Saturday, September 20, 2008

'end of the world' machine breaks down again

'end of the world' machine breaks down againfrom press tv: The European Organisation for Nuclear Research (CERN) says its particle collider will be shut down due to a helium leak into its tunnel. "There has been an incident in a test. One section of the machine will have to be repaired," CERN spokesman James Gillies announced on Saturday.

The collider, the largest of its kind in the world, will be taken offline for at least two months following a "large helium leak" due to a fault which occurred Friday afternoon. "Preliminary investigations suggest that the most likely cause of the problem was a faulty electrical connection between two magnets, which probably melted at high current leading to mechanical failure," a CERN statement explained, adding that it poses to threat to people.

This is the second fault the Large Hadron Collider has suffered. On September 10 the LHC was started for the first time but had to be taken offline due to a problem in its cooling system. The LHC is the most advanced scientific experiment of its kind, and aims at giving the scientific community a glimpse into the invisible world of the sub-atomic and answer mysteries.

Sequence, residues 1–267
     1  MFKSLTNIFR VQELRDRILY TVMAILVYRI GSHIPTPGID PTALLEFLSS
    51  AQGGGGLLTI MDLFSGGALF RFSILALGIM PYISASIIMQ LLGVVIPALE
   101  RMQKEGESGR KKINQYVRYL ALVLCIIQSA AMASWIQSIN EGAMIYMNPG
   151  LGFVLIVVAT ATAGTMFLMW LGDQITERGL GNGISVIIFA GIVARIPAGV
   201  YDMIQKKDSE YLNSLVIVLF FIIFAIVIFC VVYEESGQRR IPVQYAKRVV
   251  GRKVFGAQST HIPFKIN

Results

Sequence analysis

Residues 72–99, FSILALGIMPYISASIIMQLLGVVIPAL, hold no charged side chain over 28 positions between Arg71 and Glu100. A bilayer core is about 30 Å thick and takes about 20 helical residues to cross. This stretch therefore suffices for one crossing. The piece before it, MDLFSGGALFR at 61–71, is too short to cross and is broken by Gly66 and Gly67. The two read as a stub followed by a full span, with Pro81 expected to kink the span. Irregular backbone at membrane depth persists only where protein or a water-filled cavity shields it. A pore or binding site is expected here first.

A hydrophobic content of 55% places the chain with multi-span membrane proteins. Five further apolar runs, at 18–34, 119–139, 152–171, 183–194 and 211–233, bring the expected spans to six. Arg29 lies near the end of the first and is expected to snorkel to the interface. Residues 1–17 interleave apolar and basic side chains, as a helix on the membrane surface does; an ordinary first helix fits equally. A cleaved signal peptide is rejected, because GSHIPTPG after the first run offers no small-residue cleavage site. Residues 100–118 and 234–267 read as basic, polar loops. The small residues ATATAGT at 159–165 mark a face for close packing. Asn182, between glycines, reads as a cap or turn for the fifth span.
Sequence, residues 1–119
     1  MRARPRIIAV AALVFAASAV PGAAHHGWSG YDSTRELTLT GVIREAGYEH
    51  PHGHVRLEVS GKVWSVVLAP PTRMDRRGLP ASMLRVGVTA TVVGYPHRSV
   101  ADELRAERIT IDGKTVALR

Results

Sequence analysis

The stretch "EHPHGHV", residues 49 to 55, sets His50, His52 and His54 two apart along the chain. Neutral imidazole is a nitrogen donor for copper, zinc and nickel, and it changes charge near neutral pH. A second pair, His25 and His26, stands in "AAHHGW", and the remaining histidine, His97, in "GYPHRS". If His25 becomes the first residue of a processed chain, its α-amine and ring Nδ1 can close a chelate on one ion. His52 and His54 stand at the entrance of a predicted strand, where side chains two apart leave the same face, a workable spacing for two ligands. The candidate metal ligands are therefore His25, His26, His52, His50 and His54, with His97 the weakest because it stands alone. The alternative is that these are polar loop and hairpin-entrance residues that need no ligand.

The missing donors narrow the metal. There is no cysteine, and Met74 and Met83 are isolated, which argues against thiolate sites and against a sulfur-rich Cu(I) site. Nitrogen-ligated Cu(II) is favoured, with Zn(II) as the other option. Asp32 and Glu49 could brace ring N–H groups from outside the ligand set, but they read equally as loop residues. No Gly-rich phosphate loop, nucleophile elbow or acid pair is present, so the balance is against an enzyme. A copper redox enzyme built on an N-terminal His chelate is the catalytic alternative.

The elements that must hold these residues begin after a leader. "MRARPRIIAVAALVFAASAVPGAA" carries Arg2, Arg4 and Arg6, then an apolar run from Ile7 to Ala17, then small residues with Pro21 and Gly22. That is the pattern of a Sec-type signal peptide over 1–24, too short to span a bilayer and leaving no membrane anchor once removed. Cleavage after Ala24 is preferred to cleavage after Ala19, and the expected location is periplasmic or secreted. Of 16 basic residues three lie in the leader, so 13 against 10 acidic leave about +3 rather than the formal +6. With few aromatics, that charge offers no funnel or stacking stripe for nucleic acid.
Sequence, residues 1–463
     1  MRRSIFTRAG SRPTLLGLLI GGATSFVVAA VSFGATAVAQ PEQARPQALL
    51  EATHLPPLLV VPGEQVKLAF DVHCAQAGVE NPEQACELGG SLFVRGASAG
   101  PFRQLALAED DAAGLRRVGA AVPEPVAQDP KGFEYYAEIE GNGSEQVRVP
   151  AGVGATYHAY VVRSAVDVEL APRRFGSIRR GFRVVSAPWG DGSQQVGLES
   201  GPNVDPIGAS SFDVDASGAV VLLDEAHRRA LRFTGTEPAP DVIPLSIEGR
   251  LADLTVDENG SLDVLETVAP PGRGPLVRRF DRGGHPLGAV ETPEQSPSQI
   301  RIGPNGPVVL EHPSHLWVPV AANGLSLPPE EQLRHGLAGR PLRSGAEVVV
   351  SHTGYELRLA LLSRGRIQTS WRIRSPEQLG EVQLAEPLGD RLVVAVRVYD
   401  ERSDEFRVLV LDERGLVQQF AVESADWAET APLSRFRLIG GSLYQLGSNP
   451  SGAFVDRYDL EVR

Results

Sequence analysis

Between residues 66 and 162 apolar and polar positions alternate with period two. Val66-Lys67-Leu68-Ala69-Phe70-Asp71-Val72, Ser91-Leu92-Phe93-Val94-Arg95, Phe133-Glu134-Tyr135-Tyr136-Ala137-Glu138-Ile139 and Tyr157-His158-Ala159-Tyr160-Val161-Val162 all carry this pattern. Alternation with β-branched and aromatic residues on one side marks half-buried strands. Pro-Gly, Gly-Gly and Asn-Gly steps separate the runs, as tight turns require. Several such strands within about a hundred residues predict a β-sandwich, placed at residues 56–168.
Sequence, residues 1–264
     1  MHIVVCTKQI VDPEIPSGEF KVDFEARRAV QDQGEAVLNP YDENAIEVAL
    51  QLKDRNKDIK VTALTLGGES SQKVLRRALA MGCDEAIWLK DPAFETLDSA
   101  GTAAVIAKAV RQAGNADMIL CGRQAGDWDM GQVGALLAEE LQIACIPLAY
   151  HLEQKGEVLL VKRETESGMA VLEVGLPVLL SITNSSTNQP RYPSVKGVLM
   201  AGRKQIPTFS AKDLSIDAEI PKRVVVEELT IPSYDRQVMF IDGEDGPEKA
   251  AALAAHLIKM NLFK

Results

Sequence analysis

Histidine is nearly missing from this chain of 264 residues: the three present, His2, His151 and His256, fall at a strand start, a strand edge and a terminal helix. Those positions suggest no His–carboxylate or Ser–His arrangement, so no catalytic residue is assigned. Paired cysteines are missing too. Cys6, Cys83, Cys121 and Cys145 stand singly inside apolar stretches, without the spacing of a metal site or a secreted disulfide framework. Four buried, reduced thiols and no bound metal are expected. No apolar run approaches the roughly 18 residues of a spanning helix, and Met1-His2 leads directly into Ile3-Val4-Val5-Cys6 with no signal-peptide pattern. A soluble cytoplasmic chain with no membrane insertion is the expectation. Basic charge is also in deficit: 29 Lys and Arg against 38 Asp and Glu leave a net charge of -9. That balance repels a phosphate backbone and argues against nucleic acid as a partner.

update: large hadron collider shut down until spring '09
from natl geographic news: Full-power operation of the Large Hadron Collider (LHC) won't happen until early spring 2009, after an electrical glitch sparked a large helium leak inside the machine's tunnels. Although repairs should take just about two months, the collider needs to be shut down in the winter to save costs. Officials with the European Organization for Nuclear Research (CERN) therefore decided not to restart the particle accelerator until next year. "Coming immediately after the very successful start of LHC operation on 10 September, this is undoubtedly a psychological blow," CERN Director General Robert Aymar said in a press release. "Nevertheless, the success of the LHC's first operation with beam is testimony to years of painstaking preparation and the skill of the teams involved in building and running CERN's accelerator complex. I have no doubt that we will overcome this setback with the same degree of rigor and application."

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